When 2K Games released The BIGS a while back for Xbox 360 and PS3 I fell in love all over again. It had been a while since I really got into a baseball game, much of that has to do with the fact that I absolutely loathe the sport, but 2K’s take on America’s favorite past time was just what the doctor ordered to get me back into the game. With that said it seems almost a perfect fit to port this casual take on the sport to Nintendo’s family friendly console; especially considering that there has yet to be a true baseball game on the system to date. With the motion-sensing controls it seems like a perfect marriage for a game like The BIGS, but as with any port there are some hindrances that cause this version to lag behind its HD counterparts.
Think of The BIGS as a nice medium between sim and arcade style. The game features all of the teams, players, and stadiums you know and love all while taking a more in-your-face approach to the sport. Instead of worrying about pitchers getting cold during the end of a game or concerning yourself with using a lefty to assure a base hit this game is about power and speed. You can fill up a special meter that allows you to crush monster homeruns or simply blast ridiculously fast pitches past the opposition. You would think that this type of simplistic pick-up-and-play style of baseball would feel right at home on Nintendo’s console.
This is of course if everything works the way it is supposed to, and to 2K’s credit most of the time it does. One of the smallest and coolest uses of motion control found here is during the pre-pitch. You can swing your Wii remote around just like real players do before the pitch, and while it isn’t spot on it does give you a sense of immersion that other games simply cannot touch. As far as the hitting is concerned there is a bit of swing lag that will take more than a few innings to master. Having to begin your swing seconds before impact is awkward at first, but soon enough it will become second nature.
Pitching has also been Wii-ified (if that even constitutes as a word) by allowing you to hold down different buttons just like gripping a real ball. Power and direction are also measured upon release by judging the speed at which your arm moves forward and the tilt of your wrist. All said and done for a first effort this system works surprisingly well and adds a nice layer of raptness to the game.
Fielding on the other hand is just as much if not more frustrating than it was on the other console versions. This is mostly due to the fact that throwing the ball to the corresponding bases is done by flicking the remote in a specified direction. For instance if you want to throw to second base you will have to flick your wrist upwards regardless of where you are standing. This is disorienting at first and is something that you never really get the swing of. For the most part the Wii implementation does the job and actually enhances some of them, if you are a fan of simulation this game is certainly not for you, but then again if you were a fan of simulation sports you wouldn’t be playing on the Wii now would you?
Of course this isn’t to say that this game is all homeruns and steroid induced players. On the contrary there is plenty here to keep you playing for quite a while. While there is not a standard season mode, 2K has opted to replace this with a mode called Rookie Challenge where you create a player and bring him up from scrub to All-Star. This is a nice diversion from the monotony of regular season modes as it requires you to perform specific feats during certain games such as coming back from being two runs down in the ninth to simply hitting a homerun with your rookie star. During these games you will earn points for your rookie that allows you to upgrade his attributes such as running, throwing, and of course batting.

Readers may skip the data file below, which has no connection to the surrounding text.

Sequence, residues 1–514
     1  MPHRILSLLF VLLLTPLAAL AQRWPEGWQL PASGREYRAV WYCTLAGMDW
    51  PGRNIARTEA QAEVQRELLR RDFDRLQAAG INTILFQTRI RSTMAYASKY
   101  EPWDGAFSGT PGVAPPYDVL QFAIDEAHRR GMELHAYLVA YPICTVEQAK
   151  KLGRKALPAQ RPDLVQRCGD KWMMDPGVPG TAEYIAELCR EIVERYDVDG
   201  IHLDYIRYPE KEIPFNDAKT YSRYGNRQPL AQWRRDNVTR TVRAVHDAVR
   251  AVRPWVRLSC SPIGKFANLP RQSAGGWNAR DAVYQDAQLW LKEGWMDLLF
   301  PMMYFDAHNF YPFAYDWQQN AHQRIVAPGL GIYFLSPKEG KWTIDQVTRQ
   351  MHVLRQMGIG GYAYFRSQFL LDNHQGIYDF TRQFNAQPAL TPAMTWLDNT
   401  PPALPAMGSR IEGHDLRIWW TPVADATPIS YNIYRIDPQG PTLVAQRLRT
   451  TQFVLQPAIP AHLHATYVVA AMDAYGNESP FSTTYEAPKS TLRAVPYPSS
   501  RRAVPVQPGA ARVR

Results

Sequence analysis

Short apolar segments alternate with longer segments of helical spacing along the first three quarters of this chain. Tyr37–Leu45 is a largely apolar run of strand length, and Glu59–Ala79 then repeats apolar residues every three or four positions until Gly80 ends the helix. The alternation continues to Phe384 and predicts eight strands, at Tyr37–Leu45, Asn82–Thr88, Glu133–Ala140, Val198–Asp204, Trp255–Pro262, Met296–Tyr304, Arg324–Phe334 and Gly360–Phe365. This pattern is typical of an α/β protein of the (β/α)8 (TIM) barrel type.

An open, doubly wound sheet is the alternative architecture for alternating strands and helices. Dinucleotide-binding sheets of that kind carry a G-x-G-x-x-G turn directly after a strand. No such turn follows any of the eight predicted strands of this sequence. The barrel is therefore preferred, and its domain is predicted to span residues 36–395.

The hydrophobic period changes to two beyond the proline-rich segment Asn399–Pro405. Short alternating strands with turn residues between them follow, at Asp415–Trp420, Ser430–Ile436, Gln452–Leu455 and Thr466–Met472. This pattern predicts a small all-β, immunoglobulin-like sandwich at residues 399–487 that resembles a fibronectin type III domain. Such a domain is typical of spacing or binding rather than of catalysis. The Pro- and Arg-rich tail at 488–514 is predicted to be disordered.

On the visual side the Wii iteration is certainly not on par with the big leagues. Player models don’t have the same visual panache as say the Xbox 360 or PS3 outing but it does measure a step above the PS2 incarnation. Animations are a bit sloppy and hit detection suffers more often than not. This version also suffers from the magical magnetic glove problem that plagued older titles in the genre. While we do get glorious 480p and 16×9 support there is still a lot of polish missing from this particular copy of the game. I do have to admit that the track list is exceptional if not a bit on the meager side. Featuring the likes of Motorhead, Primus, and Stone Temple Pilots is a bonus, but a larger selection of tunes would have been greatly appreciated. Sound effects are standard fare and the announcers sound more robotic than I prefer, but it gets the job done.
The most disappointing exclusion from this version is a lack of online play. While some people always give the Wii a free pass on this aspect I really feel it hurts the overall game here. Especially with the magnificent co-op mode found in both the PS3 and 360 versions of the game; you can still enjoy multi-player action locally, but in this day and age a lack of online functionality for these simple modes is unforgivable.
While The BIGS for the Wii isn’t the end-all be-all baseball title some were hoping for on the console it is certainly more than capable of entertaining gamers for many hours on end. With a huge lineup of real players, unique and intuitive game play mechanics, and a solid multi-player component (even if it remains offline) The BIGS is more than worth the price of admission. While the game doesn’t translate as well to Nintendo’s console as many had hoped it does fill a noticeable void in the system’s lackluster library. I highly recommend giving this game a go as it is more than worth the price tag just for the sheer amount of fun to be had within.